For recruitment, all I did was purchase 28 supplies and brought in 4 medium ARVN artillery. It was probably not the smartest way to spend 4 CPs since the CoS was already ineffective due to the failed replacement attempt. But I had some plans coming up to reorganize my forces and it required that all of the ARVN artillery be on board, effective or not. Besides, last season was very light for casualties. So, for a change I didn’t need to re-stock support or replacement points.

The NLF recruited 3 new NVA divisions and 25 new VC units. The divisions were sent down the Trail. The NVA units already on the Trail continued south. All of the VC were recruited along the border. The war is certainly starting to take on a different complexion.

Operations

I decided to try something different this turn. There were 6 VC units in Cambodia deployed on roads and within reach of the 5th Mechanized. It also appeared, based on overall VC deployment, that I could probably go without using the U.S. in S&D operations this season. So the decision was made to send the 5th mech into Cambodia on a security op. With my morale still > 500 the penalty for invasion was not something that would be a criitcal factor. We free fired Phuoc Long and assigned 45 air points to the operation (which was most of my air force). I anticipated that at least 1 heavy unit would be encountered on this op. I was not to be dissapointed.



The first unit encountered was a regiment. I had a 4/6 chance of a KIA but I rolled poorly and it got away with 6 casualties. Continuing along the highway on the Cambodian side of the border, the next 2 targets were battalions and were eliminated. The fourth unit was an HQ and was KIA’d. I then had to cross back into Phuoc Long to swing around and get the last two units. They were both regiments and I had a 5/6 chance of a KIA on both. But I rolled poorly again on one of them and it got away. Total for the operation was 1 HQ, 1 regiment, 2 battalions, and 12 repl for a cost of 2 U.S. repl and an air point. I’ll take that considering that’s all the action that the U.S. will probably see this season.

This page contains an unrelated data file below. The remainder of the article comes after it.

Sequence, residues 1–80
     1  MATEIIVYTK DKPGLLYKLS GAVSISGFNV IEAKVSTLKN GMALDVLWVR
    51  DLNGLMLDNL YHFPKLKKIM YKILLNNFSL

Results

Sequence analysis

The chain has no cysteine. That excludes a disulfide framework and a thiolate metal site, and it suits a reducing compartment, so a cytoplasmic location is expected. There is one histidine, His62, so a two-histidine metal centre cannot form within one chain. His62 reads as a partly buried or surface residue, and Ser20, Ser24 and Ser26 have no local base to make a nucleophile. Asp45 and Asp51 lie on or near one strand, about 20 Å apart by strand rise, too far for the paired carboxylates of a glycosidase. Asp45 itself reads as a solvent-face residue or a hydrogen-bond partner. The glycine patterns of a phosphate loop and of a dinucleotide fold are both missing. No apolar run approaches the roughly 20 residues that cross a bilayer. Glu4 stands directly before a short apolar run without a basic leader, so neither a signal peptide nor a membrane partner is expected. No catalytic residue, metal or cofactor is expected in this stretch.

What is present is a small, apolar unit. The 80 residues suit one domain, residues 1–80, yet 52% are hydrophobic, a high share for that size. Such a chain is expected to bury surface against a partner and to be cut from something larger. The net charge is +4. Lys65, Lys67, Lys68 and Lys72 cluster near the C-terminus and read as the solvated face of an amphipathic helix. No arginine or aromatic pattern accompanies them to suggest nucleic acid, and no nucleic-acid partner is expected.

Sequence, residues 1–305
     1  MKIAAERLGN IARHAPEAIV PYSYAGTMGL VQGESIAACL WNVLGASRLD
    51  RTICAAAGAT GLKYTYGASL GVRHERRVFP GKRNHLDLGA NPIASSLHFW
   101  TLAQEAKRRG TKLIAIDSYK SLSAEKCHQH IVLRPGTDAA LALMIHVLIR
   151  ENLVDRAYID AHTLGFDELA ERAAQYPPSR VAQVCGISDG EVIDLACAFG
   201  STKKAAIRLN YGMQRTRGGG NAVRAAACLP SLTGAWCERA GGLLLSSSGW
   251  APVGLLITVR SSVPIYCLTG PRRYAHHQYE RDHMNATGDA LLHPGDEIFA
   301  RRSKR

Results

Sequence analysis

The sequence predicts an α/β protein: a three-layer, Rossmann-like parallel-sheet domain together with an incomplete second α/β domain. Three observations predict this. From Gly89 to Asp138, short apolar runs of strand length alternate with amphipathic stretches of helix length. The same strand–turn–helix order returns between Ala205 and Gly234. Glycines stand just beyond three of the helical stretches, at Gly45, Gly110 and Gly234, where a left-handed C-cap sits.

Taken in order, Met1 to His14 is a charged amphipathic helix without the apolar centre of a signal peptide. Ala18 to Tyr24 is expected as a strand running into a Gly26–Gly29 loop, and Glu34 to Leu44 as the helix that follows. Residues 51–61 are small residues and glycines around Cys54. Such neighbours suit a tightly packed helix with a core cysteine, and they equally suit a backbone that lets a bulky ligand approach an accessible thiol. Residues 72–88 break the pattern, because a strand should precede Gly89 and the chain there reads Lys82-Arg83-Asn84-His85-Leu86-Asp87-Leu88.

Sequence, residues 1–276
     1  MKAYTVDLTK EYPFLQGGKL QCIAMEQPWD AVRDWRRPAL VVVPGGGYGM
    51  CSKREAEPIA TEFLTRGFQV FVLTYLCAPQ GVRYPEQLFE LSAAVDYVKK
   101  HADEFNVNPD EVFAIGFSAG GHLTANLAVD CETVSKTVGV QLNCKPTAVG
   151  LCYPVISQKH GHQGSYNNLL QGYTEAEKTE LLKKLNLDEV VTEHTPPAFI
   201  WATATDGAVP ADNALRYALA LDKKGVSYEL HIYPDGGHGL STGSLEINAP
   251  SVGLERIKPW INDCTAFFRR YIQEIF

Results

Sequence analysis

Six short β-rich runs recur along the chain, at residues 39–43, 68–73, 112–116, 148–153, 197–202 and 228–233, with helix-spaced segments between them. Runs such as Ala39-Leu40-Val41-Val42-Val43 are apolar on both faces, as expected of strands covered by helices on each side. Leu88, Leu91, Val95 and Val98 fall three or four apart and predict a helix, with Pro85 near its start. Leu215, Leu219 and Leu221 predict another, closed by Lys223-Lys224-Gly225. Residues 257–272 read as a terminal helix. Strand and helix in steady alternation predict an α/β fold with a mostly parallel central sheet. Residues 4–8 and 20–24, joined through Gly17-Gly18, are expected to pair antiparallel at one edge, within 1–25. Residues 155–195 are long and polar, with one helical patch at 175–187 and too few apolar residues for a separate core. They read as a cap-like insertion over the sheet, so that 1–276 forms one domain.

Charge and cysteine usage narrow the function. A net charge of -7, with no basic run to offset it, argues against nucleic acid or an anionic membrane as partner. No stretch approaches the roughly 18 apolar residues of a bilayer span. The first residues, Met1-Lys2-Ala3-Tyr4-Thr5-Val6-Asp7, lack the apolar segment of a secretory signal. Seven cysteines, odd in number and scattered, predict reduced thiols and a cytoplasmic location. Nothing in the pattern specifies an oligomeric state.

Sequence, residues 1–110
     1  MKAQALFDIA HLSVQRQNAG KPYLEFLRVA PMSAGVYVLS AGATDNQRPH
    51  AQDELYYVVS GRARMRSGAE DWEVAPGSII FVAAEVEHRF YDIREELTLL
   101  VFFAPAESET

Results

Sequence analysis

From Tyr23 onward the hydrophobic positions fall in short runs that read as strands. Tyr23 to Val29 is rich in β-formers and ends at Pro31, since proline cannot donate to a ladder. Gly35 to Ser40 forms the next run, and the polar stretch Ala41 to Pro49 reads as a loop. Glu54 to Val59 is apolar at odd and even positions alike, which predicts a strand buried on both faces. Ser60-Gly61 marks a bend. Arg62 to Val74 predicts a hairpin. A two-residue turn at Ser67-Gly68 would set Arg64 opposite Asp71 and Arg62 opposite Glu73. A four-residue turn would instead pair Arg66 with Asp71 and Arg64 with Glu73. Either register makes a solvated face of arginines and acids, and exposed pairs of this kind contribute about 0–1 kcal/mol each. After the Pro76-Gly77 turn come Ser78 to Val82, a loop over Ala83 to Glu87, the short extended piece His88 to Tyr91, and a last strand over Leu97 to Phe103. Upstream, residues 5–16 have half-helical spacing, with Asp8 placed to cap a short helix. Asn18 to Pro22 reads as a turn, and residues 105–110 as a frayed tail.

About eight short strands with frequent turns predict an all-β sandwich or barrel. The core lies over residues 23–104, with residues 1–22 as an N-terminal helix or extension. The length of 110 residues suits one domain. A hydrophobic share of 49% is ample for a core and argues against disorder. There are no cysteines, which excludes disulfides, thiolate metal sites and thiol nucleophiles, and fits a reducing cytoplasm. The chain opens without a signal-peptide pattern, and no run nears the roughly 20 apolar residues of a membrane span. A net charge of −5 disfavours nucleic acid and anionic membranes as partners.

The operation also had a side effect. With Cambodian sovereignty violated most of the VC along the border retreated to the Trail. I was able to pick off a few stragglers, mostly politicals. The rest of the season was spent preparing for the NVA invasion which appeared imminent. Their force was divided into three groups. The northern army was aimed at Kontum.



The central army was deployed near the Iron Triangle.



The southern, and most powerful, army was threatening western IV Corps.



I also left a large force in northern I Corps (ROK Capital, 82nd Abn, 3rd Marines) because there is a VC division operating on the Thua Thien - Laotian border. Strangely, this division did not join the parade of NVA units streaming down the Trail. It has instead launched a couple attacks against my border outposts. The conclusion I drew from this intel is that he’s going to send a couple NVA divisions across the DMZ when he invades. That’s what I would do. Hit the country at multiple points. But I would focus in III Corps, not IV, where the ARVN is weaker.

FALL

Interphase

Despite the Cambodian invaion penalty U.S. morale went up again, to 504. Population rose to 276 and we started receiving the +2 U.S. morale bonus. NLF controlled population dropped to 84. By my estimate that should have sent his VC draft ratio > 4:1. At the rate the NLF is recruiting VC divisions the next cost plateau will come soon enough. Maybe that’s why the early invasion with the NVA?

We were finally able to replace the lousy B-2 III Corps leader that I’ve been stuck with from the start of the game. The new one is not great (B+1) but I have decent divisional leaders so we can work with this guy. The most prominent weak link in the ARVN leadership now is the CoS. There’s nothing I can do about him exept keep rolling the dice. The rest is up to fate.

I trickled in another 4 CPs and built some more ARVN artillery (even though the failed replacement roll made the CoS ineffective again). I could have afforded to recruit more but I didn’t see the need. I felt we were adequately prepared for the pending storm.

It was a light recruitment phase for the NLF. We identified 1 new NVA division and about 14 VC units. They did purchase a lot of replacements however. Both the NVA and VC have over 100 in the pool. Lots of movement on the Trail during the infiltration phase. It now appears that the southern NVA invasion was a bluff. He left 3 divisions on the Trail near the Parrot’s Beak. The rest of the southern NVA, 6 full divisions and 8 artillery, moved back to box 1 in North Vietnam.